Series: Geek Girl 3#

Genre: YA Contemporary/Humour

Source: Purchased. This is my honest opinion.

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Goodreads synopsis:

“My name is Harriet Manners, and I’ll always be a geek.”

It’s the hilarious third book in the No.1 bestselling, award winning GEEK GIRL series!

Harriet Manners knows more facts that most. She knows that New York is the most populous city in the United States. She knows that its official motto is “Ever Upward”. She knows that 28% of Americans believe we never landed on the moon.

But she knows nothing about modelling in the Big Apple, and how her family will cope with life stateside. Or how to “become a brand”, as the models in New York put it. And, even more importantly, what to do when the big romantic gestures aren’t coming from your boyfriend…

Does geek girl go too far this time?

The laugh out loud follow-up to award winning GEEK GIRL and MODEL MISFIT will have you in stitches.

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Review:

Picture perfect, yeah sure. In-flight entertainment perfect? Yeah, sure. All-around amazing read? Yeah SURE!

I totally geek out over the Geek Girl series. It’s like Holly Smale has been studying me closely in a hidden laboratory for years and then suddenly decided to write a book about me. While that is incredibly unlikely (I don’t think I’m currently in a lab), you have to understand what I’m getting at. Harriet Manners is SO MUCH LIKE ME. Although, however, I refer to myself as a ‘nerd’ rather than ‘geek’.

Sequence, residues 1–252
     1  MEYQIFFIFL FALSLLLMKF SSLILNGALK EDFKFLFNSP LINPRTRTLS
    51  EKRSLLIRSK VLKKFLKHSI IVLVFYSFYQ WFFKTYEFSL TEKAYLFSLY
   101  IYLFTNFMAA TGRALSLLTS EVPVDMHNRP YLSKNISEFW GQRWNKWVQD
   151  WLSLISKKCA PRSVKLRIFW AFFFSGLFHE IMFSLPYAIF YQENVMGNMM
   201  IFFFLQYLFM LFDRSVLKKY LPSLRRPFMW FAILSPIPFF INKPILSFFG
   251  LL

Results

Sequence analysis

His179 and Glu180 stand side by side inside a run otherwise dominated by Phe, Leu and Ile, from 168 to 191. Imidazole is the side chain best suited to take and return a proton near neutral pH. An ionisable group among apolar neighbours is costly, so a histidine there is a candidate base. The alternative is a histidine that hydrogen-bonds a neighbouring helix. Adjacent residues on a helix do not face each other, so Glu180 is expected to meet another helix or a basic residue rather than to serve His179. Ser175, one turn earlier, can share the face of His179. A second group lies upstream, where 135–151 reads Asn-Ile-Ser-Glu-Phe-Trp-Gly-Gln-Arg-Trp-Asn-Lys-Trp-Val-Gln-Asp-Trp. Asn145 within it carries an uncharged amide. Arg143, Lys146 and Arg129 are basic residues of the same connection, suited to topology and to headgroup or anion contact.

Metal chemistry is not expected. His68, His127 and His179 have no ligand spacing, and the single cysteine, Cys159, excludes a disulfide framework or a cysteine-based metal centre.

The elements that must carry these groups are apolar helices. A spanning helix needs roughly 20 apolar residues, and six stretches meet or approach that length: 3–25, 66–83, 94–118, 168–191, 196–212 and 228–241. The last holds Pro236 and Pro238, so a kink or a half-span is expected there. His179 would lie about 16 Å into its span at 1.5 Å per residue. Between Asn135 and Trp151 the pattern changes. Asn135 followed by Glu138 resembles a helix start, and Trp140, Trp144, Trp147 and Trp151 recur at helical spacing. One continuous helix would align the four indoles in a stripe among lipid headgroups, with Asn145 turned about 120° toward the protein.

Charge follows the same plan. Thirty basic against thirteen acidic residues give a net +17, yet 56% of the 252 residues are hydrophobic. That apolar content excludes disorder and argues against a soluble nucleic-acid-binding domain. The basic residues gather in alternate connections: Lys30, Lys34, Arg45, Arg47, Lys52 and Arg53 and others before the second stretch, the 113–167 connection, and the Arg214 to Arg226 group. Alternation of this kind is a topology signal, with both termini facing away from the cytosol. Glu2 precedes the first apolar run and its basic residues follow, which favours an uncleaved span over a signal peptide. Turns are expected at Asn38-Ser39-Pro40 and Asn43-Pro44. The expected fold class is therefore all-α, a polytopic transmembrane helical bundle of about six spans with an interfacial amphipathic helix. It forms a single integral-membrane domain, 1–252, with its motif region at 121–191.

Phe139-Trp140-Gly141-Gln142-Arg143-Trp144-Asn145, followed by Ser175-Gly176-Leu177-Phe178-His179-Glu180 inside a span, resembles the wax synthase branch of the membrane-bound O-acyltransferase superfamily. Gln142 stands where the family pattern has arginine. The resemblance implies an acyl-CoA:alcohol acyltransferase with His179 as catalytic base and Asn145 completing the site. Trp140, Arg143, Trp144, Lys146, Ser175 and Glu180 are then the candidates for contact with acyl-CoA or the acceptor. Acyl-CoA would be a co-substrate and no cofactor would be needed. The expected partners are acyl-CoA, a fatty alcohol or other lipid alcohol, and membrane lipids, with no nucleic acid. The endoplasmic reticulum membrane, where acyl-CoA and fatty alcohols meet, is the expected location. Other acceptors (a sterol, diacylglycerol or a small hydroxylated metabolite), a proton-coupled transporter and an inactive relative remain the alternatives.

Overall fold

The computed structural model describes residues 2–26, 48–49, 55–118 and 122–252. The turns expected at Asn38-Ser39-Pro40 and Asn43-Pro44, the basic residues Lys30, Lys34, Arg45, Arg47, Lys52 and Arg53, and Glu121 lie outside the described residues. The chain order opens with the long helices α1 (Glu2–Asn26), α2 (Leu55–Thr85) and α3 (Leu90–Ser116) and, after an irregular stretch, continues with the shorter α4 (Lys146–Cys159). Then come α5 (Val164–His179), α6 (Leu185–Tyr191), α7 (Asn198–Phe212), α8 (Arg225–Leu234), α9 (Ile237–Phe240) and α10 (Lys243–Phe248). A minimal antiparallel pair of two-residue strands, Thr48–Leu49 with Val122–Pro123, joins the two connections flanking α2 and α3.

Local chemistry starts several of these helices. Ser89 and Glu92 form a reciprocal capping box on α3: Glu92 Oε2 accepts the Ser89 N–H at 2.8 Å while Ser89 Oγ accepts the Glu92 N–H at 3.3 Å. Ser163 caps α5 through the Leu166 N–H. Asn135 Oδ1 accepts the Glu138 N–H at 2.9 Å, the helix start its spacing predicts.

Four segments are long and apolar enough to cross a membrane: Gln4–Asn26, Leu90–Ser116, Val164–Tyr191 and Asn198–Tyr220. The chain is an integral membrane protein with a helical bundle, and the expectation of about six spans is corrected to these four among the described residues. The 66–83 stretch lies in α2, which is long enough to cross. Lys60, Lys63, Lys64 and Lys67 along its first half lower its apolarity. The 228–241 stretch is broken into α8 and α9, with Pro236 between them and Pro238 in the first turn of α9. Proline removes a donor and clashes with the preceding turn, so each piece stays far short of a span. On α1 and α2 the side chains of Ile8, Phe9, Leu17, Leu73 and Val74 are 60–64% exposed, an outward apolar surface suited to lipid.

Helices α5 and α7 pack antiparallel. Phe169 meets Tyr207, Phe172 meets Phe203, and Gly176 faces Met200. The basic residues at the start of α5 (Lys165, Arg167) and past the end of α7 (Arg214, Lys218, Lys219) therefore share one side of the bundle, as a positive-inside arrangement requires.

While I don’t have an absolute favourite thing about this book, all the facts scattered throughout ranks pretty highly. They’re so interesting!

If you didn’t pick it up earlier when I mentioned that in my opinion Picture Perfect was in-flight entertainment perfection, then I will point out that I read most of it aboard an aeroplane. Just as I did with Model Misfit. Really though, it is a great book to bring with you on a plane because a) you are so absorbed that you read it super quickly (not noticing time pass on a plane is a wonderful thing), b) it can make me laugh, c) it was never boring and d) I annoyed my family to bits with facts! Great, right?

Unfortunately, this was probably my least favourite read so far of the series. But that’s not to say that I didn’t love it! It would be very hard to trump Model Misfit, which was one of my favourite books of 2013!

Do I love this series to a massive extent? Yes, yes I do. Would I recommend this series to you if you asked? Yes. Over and over again.

Super excited for the next book!

5/5 comets
Bye, bye Earth! Out of this world.

Add Picture Perfect to Goodreads

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Goodreads author bio:

Holly SmaleHolly is the Number One bestselling, multi-award winning author of the GEEK GIRL series.

She fell in love with writing at five years old, when she realised that books didn’t grow on trees like apples. A passion for travel, adventure and wearing no shoes has since led her all over the world: she has visited 27 countries, spent two years working as an English teacher in Japan, volunteered in Nepal, been bartered for in Jamaica and had a number of ear-plugs stolen in Australia, Indonesia and India.

Holly has a BA in English Literature, an MA in Shakespeare, and currently lives in London or at @holsmale.